The Movement Lab’s Instagram projects an undeniable joie de vivre. From the synchronized dance and Pilates video sequences to the cheerful shots of its staff and studio, it’s hard not to feel like you want to be part of the party.
The dynamic duo behind the Cape Town studio and its engaging Instagram account is mother-daughter team Lisa Palmer and Jessica Mandel, who present just as covetable a friendship and business partnership online as they do in person.
“People like to see us working together, they like that dynamic of a mum and daughter running a business together,” says Jessica, the junior of the pair.
It was Jessica, a millennial and avid Instagram user, who decided to branch out beyond Facebook and launch the studio’s Instagram account about two years ago.
“When we moved to Cape Town and opened a studio here, Instagram became more relevant to our market. This city is very cosmopolitan, upbeat and young,” says Jessica, a finance and accounting student at the University of Cape Town.
Jessica started paying more attention to brands she admired on social media to see how they did it. And she learned that the most successful businesses on Instagram knew the answers to the following questions:
- Who are you as a brand?
- Who is your target market and who are you trying to appeal to?
- What are your core values and beliefs as a business?
- How do you make your posts coherent and consistent?
“If you don't know those things, then you're not going to know how to pitch your social media. Once you get that right, and I think my mom and I always knew our core values and what we wanted our business to be, then it will come more naturally,” she says.
The Movement Lab aims to be a welcoming, dynamic and inclusive space, something Jessica wanted to ensure translated digitally.
“” We’re not your average Pilates studio. We bring an element of fun, enjoyment and energy to everything we do. There’s an incredible vibe and atmosphere in our studio that you feel the moment you walk in and that’s what we want you to feel the moment you look at our Instagram page.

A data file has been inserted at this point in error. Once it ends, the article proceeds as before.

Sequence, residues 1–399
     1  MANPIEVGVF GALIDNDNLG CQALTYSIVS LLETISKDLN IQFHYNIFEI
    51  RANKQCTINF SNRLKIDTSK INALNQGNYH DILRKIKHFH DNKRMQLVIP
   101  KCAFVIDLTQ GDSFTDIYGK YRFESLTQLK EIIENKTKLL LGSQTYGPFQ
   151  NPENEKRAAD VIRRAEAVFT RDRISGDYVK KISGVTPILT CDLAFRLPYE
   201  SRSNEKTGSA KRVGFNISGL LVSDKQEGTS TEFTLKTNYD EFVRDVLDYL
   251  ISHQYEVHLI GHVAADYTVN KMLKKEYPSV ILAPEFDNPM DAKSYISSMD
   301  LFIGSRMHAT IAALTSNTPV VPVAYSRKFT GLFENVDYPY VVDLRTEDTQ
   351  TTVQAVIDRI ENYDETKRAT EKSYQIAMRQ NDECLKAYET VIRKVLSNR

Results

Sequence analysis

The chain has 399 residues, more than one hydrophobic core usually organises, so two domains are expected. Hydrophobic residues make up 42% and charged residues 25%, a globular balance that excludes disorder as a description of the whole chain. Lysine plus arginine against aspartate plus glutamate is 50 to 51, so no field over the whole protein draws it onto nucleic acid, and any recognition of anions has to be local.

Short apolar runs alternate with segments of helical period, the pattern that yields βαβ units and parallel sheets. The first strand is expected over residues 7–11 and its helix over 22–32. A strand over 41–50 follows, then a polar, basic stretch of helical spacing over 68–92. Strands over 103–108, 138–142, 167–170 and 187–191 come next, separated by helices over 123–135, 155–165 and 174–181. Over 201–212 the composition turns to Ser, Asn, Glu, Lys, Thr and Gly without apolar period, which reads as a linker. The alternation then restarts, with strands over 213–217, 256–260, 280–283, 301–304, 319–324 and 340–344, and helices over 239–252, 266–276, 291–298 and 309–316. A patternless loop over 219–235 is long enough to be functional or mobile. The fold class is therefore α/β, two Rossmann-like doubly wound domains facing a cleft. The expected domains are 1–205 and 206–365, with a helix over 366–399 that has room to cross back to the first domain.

How to boost client engagement online
The Movement Lab’s success on social media didn’t occur overnight. There was a lot of trial and error. “At the beginning it wasn’t as coherent or tailored as it is now. It was a little messy. But I learned what our audience liked and responded to,” Jessica says.
With a mind for numbers and analytics, Jessica dove into the data. “I looked at the analytics and extrapolated from that and decided what was working best and how we should move forward,” she says.
Her most interesting finding? Synchronized, music-driven videos perform best. Like this one of mother and daughter that garnered 2,355 views:
“I don’t know the science behind it, but there is a huge difference— you can double your engagement just by adding another person,” she says.
While the videos do generate more attention, they also take a lot more effort to produce.
One video takes Jessica about two to three hours to put together. She comes up with the concept, sources the music, choreographs the moves, recruits the staff, shoots the clip a few times on her iPhone and edits it with iMovie.
“The content is great, but the actual editing and all that isn’t perfect, but I think people relate to it because it’s real.
“We could post more often, but our ethos is quality over quantity. We want to look back at our feed and be proud and love every video we’ve created.”
Their strategy, which has been refined over time, appears to be working. The Movement Lab now has more than 5,300 followers and regularly gets thousands of video views, including one video that attracted 12,871 views.
So, is Instagram worth it for your studio?
“It’s a snowball effect. If you have a good Instagram that you invest time and energy in, it draws a lot of people into your studio and it expands your reach. We’ve had models and influencers with big followings drop in for a visit. They post about our studio, then we get more followers because of that, then those people come in to visit and it’s just a continuous cycle.
“We also find that when clients come to the studio, they feel like they know us because they’ve seen us on social media, they can put names to faces, which is great as well. It establishes a sense of community.”
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